A school board vote in Proviso Township High School District 209 last week ended in a tie, scuttling the superintendent’s recommendation to hire an Arizona firm that would work with teachers and staff to improve the curriculum and its delivery.
The cost of the proposed contract would have exceeded $581,000, according to a memo from Superintendent Nettie Collins-Hart.
Earlier in the month, board members and administrators discussed a series of deep cost-cutting measures that could give the cash-strapped schools a year-end balance of about $40,000. Through the school year administrators have warned board members that the operating budget had a deficit of $5.9 million built into it.
Though it is possible for the district to end the year with a positive fund balance, Collins-Hart has said that classrooms will likely be impacted by the level of cuts needed.
Following the board’s vote, Collins-Hart released a statement that she was disheartened by the board’s decision.
“I am certainly disappointed that we will not be able to implement this school improvement model,” Collins-Hart said in an e-mail to the Review. “However we will continue to look for the right programs and initiatives to fit the needs of our students and our district.”
The cost of hiring the firm, Evans Newton Incorporated, could have reached $1.2 million over two years, but the additional work would have only been agreed to if the district could find grant money to pay for it. Administrators also hoped the initial term of the proposed contract would be paid for with grant money, according to a district spokesperson. Two possible grants were identified as part of the proposal, one being a school improvement grant recently issued to Proviso East. District officials were also working with the U.S. Department of Education to pin down a third funding source, a Magnet School Assistance Program grant, which would have covered the entire contract.
Board members Robert Cox, Sue Henry and Theresa Kelly voted in favor of hiring the firm. Board President Chris Welch, Brian Cross and Vice President Daniel Adams voted against the recommendation.
Board member Robin Foreman was absent the Dec. 15 meeting.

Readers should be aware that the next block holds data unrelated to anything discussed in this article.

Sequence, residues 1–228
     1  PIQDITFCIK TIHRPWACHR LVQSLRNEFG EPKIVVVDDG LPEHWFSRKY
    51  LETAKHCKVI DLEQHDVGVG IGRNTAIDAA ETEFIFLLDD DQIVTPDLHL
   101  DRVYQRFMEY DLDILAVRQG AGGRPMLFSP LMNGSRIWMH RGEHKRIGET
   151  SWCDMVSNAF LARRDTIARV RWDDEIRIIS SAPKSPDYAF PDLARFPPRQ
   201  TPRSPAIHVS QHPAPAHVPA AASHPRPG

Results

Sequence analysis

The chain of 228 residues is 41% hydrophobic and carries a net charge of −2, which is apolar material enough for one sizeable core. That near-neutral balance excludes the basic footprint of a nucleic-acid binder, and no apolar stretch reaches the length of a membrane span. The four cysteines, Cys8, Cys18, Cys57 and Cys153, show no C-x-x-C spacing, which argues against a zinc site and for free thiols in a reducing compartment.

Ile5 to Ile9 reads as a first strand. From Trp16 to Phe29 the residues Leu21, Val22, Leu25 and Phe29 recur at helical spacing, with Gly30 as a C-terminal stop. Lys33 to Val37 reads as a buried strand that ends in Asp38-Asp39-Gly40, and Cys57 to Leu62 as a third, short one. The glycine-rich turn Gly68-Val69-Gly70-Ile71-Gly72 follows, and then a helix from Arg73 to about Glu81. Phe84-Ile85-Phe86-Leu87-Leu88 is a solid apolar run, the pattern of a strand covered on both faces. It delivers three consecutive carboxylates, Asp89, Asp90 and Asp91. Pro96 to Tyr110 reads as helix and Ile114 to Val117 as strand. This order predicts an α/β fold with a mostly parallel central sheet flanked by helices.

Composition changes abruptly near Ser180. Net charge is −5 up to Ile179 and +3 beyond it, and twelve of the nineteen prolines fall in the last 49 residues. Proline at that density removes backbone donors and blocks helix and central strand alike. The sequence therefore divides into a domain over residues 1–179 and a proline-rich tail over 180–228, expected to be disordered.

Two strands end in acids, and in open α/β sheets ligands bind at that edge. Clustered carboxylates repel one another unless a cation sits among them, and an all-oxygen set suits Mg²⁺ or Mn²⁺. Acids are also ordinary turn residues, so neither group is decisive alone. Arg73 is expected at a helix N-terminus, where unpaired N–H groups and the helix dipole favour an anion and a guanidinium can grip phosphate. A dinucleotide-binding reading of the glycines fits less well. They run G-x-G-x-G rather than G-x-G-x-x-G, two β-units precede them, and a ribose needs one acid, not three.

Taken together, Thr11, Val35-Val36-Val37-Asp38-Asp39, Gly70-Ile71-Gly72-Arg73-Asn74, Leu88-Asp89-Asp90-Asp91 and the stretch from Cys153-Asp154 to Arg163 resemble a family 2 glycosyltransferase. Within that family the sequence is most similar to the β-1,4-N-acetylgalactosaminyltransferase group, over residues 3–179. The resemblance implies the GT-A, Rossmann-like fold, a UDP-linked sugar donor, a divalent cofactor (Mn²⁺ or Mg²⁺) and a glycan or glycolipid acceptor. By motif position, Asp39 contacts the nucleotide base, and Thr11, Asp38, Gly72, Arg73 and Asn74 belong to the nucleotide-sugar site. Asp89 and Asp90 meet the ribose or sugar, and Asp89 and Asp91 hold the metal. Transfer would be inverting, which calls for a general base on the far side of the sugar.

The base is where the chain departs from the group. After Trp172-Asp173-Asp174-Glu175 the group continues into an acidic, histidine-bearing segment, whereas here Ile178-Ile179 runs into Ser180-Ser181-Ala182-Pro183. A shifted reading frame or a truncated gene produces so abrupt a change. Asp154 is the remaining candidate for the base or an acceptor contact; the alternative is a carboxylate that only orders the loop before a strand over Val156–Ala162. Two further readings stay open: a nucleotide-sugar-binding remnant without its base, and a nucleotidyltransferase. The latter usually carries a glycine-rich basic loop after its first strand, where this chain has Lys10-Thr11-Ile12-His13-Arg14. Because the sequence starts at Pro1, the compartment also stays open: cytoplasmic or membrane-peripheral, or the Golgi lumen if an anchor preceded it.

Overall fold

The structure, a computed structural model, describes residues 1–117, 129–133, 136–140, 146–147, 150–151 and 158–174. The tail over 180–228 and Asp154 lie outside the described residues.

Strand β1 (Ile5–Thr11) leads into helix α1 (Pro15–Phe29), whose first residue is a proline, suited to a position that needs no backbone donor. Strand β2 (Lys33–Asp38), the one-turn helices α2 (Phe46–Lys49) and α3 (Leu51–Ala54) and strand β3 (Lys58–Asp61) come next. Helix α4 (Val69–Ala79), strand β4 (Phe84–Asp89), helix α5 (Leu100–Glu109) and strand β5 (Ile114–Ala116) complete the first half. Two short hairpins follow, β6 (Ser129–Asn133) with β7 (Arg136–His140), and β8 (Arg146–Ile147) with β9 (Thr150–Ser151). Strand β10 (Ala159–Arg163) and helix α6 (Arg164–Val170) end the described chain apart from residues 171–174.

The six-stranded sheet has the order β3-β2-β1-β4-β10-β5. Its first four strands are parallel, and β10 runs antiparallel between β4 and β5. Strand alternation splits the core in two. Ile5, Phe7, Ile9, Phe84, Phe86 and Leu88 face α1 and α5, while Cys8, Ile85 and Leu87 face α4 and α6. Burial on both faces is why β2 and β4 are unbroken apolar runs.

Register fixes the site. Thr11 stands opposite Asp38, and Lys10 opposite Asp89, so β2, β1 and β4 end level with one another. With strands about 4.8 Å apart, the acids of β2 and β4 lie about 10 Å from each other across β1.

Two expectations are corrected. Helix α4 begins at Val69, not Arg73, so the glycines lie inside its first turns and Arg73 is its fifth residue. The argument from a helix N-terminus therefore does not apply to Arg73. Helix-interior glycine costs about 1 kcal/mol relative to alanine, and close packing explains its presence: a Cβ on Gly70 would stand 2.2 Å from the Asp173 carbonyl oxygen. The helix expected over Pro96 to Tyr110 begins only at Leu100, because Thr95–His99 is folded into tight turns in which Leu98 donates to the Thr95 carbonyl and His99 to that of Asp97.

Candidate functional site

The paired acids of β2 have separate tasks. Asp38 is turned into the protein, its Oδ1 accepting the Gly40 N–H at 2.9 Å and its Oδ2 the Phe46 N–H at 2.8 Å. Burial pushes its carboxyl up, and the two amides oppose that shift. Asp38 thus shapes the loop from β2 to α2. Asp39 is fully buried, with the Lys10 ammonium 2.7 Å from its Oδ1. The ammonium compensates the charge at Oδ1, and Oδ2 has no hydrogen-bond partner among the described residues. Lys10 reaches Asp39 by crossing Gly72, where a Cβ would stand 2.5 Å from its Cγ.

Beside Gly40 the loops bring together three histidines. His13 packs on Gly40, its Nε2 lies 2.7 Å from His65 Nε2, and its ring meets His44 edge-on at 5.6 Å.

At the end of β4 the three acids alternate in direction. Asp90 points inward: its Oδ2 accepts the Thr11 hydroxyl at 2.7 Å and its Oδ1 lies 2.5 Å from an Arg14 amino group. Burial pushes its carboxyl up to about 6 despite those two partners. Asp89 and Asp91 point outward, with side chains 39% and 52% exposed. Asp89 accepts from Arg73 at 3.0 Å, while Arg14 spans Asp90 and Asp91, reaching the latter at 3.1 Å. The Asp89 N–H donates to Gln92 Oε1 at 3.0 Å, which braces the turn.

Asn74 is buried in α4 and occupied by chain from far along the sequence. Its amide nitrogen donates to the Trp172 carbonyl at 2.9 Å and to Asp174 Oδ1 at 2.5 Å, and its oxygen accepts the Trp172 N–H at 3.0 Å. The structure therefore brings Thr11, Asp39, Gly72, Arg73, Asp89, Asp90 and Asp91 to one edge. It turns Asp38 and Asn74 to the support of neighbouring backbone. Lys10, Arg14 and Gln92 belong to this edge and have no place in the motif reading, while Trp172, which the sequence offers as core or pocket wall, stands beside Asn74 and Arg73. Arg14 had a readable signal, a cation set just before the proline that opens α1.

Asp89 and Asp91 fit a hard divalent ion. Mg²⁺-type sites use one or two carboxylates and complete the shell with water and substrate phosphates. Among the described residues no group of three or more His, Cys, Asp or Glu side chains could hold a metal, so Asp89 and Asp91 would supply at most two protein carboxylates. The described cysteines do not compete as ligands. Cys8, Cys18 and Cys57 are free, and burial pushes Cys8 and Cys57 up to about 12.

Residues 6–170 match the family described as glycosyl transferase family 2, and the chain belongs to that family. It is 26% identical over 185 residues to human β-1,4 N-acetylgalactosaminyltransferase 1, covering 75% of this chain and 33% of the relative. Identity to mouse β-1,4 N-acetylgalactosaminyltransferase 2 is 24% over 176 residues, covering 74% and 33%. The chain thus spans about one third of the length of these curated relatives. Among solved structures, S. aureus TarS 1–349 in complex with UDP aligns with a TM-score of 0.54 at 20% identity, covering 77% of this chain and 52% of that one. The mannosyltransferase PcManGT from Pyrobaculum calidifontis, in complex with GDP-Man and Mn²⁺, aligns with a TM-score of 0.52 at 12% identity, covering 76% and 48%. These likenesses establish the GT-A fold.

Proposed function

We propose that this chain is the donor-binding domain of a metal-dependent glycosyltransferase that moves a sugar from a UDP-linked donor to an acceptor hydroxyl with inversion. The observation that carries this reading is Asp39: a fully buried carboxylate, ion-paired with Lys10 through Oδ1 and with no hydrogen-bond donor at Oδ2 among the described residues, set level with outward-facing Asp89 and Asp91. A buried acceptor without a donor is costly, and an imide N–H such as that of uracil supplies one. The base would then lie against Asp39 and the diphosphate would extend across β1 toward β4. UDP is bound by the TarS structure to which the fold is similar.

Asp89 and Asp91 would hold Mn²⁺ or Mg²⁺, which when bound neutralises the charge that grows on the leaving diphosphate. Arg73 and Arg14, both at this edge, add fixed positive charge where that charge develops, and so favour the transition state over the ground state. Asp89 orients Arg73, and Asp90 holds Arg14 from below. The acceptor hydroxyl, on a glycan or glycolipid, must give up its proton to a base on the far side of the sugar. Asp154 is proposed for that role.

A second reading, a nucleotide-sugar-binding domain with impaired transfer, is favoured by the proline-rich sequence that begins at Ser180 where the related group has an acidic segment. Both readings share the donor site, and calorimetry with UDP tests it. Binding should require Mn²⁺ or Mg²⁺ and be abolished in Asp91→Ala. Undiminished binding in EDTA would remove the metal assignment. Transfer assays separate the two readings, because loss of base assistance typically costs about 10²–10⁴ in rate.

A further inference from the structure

After the meeting, Welch said that his primary reason for opposing the contract was the cost. During the board’s discussion, though, he criticized Kelly for attending an expenses-paid symposium in January that was hosted by Evans Newton.
“Would you feel the same way if you didn’t go on an all expenses paid trip,” Welch asked Kelly during the meeting.
Later, Welch expanded on his reasons for voting not to hire the firm.
“You’re talking about $1.2 million,” Welch said. “To me it’s mostly a budgetary issue. We’re on track to end this year with a balanced budget and you’re not going to do it if you’re spending money on this and spending money on that. I have a problem with a company lobbying board members, putting them on a plane, taking them to see their program-all expenses paid-and then the board member comes back and made the recommendation.”
Kelly attended an Evans Newton seminar last January with Proviso West Principal Alexis Wallace and Ami Relf, then a Proviso West teacher.
Evans Newton President Tami Zale said that about 35 to 40 people from various school districts attended the company’s ninth annual administrators’ conference. Some attendees paid their own way, but the firm offered “scholarships” to others, including the three attendees from Proviso, she said. Zale estimated the cost of airfare, hotel accommodations and admission to the symposium to be about $900 per person.
“It’s a sad day for Proviso,” Kelly said after the vote. “These people have a proven track record. Why wouldn’t we bring them in? This board is not interested in children being educated.”
The conference began on a Wednesday evening and ended on a Friday afternoon. The symposium featured presentations on educational issues and strategies and lasted from 8 a.m. to around 6 p.m.
It was not a vacation, according to Kelly.
“I wasn’t there to play golf,” Kelly said. “Each day was filled.”
Kelly dismissed Welch’s concerns about the cost to the district as insincere, and noted that board members continue to reimburse Welch for legal expenses he is accumulating in a lawsuit that stems from actions he took independently of the board. As of the December meeting those bills total more than $57,800.
“The cost really doesn’t matter to me when I see how wastefully and how inappropriately the funds are dabbled with,” Kelly said. “It’s not right. Our kids should be number one and treated as number one.”
According to Zale, her company specializes in working with underperforming districts.
“We’ve developed systems for turning around schools so that students can do better,” Zale said. “We provide lesson plans and work with cadres of teachers to teach them to develop their own lesson plans. We work with teachers both in and out of the classroom and teach them to be better teachers.”
Proviso East and Proviso West have both failed to meet annual progress requirements under the federal No Child Left Behind Act, and test scores at both schools lag far behind state averages.
Collins-Hart wrote in her recommendation to the board that curriculum at District 209 is fragmented and needs to be standardized. She said the district currently lacks the staffing to do the job in-house.